Daily news roundup for Tuesday, October 6
Here is what is happening in the Bay Area as curated by KALW News:
Right to die: California Gov. Jerry Brown signs law //San Jose Mercury News
“Granting terminally ill patients the right to end their lives with a doctor's help, Gov. Jerry Brown on Monday signed the End of Life Option Act, a measure that triggered personal and passionate conflict across the state -- and in the conscience of the governor himself.
“Brown's signature concludes a 23-year effort to pass a "right-to-die" law in a state of 39 million, more than quadrupling Americans' access to life-ending drugs, with one in eight people living in states where it is now legal. California is the fifth state to take such a step, and its implementation of the new law -- which will go into effect next year -- will be closely watched throughout the nation.”
Debts, Loans and Scams - What You Don’t Know Could Hurt You //New America Media
“Anyone can become a target for scam artists, creditors and collection agencies, and end up losing all of their savings. But immigrants are especially vulnerable, according to Maeva Elise Brown, co-founder and executive director of the California non-profit organization Housing and Economic Rights Advocates (HERA). The group provides free legal counseling for those who become, as one of their attorneys put it, “servants to their own debt.” New America Media health editor Viji Sundaram recently interviewed Brown.”
State bill could impose stricter gun regulations on college campuses //The Daily Californian
“With votes along partisan lines, California legislators passed expanded restrictions regarding gun policy on school grounds and college campuses throughout the state.
“Senate Bill 707, which is pending the approval of Gov. Jerry Brown, would remove a current exemption in state law that allows individuals with concealed carry weapon, or CCW, licenses to possess guns on campuses. Under California’s Gun-Free School Zone Act of 1995, individuals are prohibited from possessing firearms and ammunition within 1,000 feet of any school or on college campuses without permission from school officials.”
BART, Muni stations get their report cards in new study on transit //San Francisco Business Times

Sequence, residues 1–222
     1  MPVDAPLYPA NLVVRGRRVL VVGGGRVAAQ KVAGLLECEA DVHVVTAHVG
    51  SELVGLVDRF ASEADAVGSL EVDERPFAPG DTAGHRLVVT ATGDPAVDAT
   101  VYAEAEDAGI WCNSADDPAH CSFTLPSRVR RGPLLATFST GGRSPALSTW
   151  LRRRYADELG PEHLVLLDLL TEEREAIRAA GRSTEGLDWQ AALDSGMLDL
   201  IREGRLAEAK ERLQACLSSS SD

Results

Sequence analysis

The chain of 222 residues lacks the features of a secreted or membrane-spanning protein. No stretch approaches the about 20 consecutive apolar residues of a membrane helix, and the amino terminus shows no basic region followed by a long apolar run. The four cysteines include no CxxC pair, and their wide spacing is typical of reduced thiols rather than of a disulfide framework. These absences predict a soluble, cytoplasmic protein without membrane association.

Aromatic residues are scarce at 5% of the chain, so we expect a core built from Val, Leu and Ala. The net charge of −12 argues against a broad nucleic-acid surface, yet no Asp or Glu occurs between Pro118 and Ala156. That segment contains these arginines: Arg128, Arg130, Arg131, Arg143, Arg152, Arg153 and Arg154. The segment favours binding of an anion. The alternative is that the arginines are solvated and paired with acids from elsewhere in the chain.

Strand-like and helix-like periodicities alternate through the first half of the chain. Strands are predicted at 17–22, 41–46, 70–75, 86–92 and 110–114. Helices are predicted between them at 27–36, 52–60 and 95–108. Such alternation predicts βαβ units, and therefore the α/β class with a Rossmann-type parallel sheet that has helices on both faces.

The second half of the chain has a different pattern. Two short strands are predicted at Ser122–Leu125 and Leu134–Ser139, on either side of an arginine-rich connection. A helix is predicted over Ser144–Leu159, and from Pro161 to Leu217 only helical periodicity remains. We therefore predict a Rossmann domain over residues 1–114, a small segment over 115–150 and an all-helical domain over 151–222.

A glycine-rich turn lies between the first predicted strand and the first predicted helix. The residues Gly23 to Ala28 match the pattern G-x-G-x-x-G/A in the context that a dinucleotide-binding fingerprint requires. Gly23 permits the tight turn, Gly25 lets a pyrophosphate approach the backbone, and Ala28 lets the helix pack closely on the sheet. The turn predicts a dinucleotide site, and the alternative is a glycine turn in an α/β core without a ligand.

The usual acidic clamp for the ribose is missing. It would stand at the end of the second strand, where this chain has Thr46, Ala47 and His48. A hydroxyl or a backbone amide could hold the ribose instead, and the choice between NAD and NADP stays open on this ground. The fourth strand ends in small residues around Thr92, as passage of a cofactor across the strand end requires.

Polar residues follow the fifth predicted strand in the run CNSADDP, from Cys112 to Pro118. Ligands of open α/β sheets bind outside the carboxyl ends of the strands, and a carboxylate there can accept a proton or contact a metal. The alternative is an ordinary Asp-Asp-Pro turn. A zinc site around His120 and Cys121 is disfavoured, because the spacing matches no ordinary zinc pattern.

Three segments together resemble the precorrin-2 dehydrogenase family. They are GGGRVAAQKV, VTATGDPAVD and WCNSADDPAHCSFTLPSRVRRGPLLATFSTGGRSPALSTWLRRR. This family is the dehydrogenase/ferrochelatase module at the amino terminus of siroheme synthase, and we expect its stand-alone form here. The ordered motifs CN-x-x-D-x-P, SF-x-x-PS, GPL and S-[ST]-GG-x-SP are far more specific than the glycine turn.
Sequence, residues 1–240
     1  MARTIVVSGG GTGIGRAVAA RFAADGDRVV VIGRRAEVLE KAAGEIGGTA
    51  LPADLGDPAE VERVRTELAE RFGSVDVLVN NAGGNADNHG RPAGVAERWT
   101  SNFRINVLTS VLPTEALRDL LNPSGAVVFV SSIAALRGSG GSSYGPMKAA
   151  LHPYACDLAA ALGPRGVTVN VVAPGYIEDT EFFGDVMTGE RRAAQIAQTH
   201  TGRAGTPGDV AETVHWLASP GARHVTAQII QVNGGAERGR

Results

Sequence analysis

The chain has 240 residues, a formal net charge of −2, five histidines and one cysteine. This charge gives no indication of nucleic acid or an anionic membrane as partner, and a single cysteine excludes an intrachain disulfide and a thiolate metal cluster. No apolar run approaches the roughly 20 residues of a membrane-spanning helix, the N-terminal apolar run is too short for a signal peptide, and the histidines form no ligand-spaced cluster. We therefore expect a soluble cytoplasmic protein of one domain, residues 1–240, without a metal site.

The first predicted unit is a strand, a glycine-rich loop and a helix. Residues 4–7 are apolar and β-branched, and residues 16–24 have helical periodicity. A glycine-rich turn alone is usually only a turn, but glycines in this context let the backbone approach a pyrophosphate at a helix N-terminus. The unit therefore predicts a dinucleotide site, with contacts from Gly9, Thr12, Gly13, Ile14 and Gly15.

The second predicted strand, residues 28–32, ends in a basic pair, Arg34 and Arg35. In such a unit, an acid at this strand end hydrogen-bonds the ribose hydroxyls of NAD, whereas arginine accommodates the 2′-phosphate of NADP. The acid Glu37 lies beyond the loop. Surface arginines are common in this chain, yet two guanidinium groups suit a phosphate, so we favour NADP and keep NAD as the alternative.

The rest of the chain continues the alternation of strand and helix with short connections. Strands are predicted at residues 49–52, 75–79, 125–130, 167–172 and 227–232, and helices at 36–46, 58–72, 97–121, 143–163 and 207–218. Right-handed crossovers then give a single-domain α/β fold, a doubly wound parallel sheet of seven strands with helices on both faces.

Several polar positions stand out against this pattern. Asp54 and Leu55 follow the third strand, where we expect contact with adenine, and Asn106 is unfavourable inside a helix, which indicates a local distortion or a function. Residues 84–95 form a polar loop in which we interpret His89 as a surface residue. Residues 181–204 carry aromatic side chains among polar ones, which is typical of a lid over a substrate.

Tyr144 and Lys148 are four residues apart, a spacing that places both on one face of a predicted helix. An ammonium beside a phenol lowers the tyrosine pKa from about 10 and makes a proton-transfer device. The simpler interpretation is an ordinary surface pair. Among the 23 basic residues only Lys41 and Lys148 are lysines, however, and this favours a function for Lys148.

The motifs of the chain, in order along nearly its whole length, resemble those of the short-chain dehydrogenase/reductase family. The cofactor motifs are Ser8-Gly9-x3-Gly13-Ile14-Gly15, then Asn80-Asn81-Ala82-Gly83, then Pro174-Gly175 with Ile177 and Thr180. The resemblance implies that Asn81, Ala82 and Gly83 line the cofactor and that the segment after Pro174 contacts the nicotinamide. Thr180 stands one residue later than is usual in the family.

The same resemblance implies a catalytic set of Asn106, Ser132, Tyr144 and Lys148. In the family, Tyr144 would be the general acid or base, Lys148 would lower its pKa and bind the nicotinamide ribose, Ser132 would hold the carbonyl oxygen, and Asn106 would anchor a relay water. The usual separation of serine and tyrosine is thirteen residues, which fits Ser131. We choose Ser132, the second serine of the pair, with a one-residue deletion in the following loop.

“The Bay Area's two main transit systems, Muni and BART, have been graded by a new report studying transportation – and both ranked surprisingly high. The report prepared for public policy nonprofit Next 10 by the Center for Law, Energy and the Environment at the UC Berkeley School of Law, gave BART an overall B- grade, while Muni got a solid B.
"Environment, Asian Pacific Environmental Network and the Sierra Club are seeking a new review over the effects of coal under the California Environmental Quality Act (CEQA), which could delay the construction of the project for years.”
SF Residents Opine on the Mission Moratorium //Mission Local
“Early voting starts today, and of all the housing measures on the November ballot, perhaps none is more contentious than Prop. I, the Mission moratorium.
“The measure, which requires a simple majority to pass, would pause all market-rate housing for 18 months and prevent the conversion of light industrial space, known as production, distribution, and retail (PDR), in the Mission District. Proponents say it will give the city and non-profits time to formulate a plan for developing affordable housing in the Mission, while opponents claim any pause in construction is counterproductive if the goal is to build more housing.”
Marin lags among counties in providing eye care to low-income children //Marin Independent Journal
“By many measures, Marin County is among the healthiest places in California. But when it comes to the eyesight of children, Marin has for years had a more dubious distinction.
“Children dependent on Medi-Cal in the county receive eye exams and glasses at a much lower rate than their counterparts in most other counties in the state. In the five most recent years for which state data is available, Marin has ranked near or at the bottom every year.”